The Weaknesses of the Pro-Choice Movement Have Been Exposed -- Now What?
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NARAL and Planned Parenthood's Action Fund, which score candidates according to their voting record on reproductive health issues, have decided not to include the final health care reform vote in scoring, a decision that reflects the fact that even their most loyal supporters in the House voted for the final legislation. Both groups categorized the Stupak vote as "anti-choice." But, even with the antiabortion language, they couldn't judge the final vote the same way. According to Rubiner, this was both because health care reform offers so many benefits to the low-income women Planned Parenthood serves and because the Nelson language wasn't as onerous as that of the Stupak Amendment. "Stupak was an outright ban on abortion coverage, period. It was very black and white," says Rubiner. "Nelson, by contrast, sets up a very cumbersome scheme by which insurers can provide coverage, but it doesn't ban it."
The fight has begun to define the meaning of health care reform in the midterm elections--and the crucial battleground is swing districts, where sentiment on abortion is murky. A recent poll conducted for the Susan B. Anthony List, a group that supports women anti-abortion candidates, showed that in seven of eight Congressional districts represented by anti-abortion Democrats who voted for Stupak, most voters said they would be less likely to support the re-election of their representative if he or she voted for a health care bill that included federal funding of abortion. Of course, the health care bill doesn't do this--notwithstanding the claims of extreme abortion opponents (à la Randy Neugebauer). So pro-choicers have to set the record straight on that score. But abortion rights supporters also have to convey how the new law actually sets those rights back, depriving women of access to a legal medical procedure--an argument that could potentially gain the sympathy of gray-area voters.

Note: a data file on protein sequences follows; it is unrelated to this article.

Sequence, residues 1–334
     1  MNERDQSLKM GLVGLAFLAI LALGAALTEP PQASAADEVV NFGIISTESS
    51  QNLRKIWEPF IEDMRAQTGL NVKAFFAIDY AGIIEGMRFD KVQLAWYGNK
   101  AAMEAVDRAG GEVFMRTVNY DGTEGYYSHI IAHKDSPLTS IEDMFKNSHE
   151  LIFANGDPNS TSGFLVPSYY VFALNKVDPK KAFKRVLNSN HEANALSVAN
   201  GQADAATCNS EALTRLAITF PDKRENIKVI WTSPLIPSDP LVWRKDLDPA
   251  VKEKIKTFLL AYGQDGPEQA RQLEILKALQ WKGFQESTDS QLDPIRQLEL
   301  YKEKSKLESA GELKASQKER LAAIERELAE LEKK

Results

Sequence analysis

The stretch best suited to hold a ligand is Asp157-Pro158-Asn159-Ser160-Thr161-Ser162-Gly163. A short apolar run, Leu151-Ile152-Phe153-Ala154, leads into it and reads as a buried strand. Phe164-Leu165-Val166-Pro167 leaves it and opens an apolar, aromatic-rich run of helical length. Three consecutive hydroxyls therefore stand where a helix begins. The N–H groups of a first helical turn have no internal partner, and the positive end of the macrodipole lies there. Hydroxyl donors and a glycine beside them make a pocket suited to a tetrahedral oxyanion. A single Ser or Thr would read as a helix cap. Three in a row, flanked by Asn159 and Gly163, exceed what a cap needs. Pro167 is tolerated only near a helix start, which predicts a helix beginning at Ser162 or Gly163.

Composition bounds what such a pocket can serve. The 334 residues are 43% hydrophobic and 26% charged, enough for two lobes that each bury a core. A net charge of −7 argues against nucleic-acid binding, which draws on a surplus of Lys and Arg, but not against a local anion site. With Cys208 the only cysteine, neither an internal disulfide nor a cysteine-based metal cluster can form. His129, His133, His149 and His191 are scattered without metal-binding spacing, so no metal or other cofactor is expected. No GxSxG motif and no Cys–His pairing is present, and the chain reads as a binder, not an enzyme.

It's probably unreasonable to hope for anything more. Yet some advocacy groups, such as NOW and Raising Women's Voices, are aiming higher--pushing to finally roll back Hyde. Given what we've just learned about Congressional backing for public funding, such an effort will clearly be a steep uphill battle. Yet you can see why some of the boldest activists think its time has come. With the other side, led by Stupak, having alienated at least some of the public with its extremism, pro-choice advocates hope the pendulum of moderates' sympathy will swing their way.
The real policy setbacks of health care reform could also serve as the wake-up call for women that pro-choicers need. Because the new law will bring about a major expansion of Medicaid, and also because the economic downturn has driven up the number of uninsured, more and more women will soon be in the position of relying on government-subsidized or -provided health insurance. And thus more and more women will likely have abortion excluded from their medical coverage.
Advocates are already thinking about how to best harness their discontent. "We'll be trying to convince women to tell their stories about what it means not to have that coverage," says Uttley of Raising Women's Voices. "We think we have a chance. As long as people think it's someone else who won't get coverage, they won't care. Once they realize it's the family next door, the lady who sits behind them in church, then their hearts can be changed."
Sharon Lerner is the author of 'The War on Moms: On Life in a Family-Unfriendly Nation,' which is due out early next year.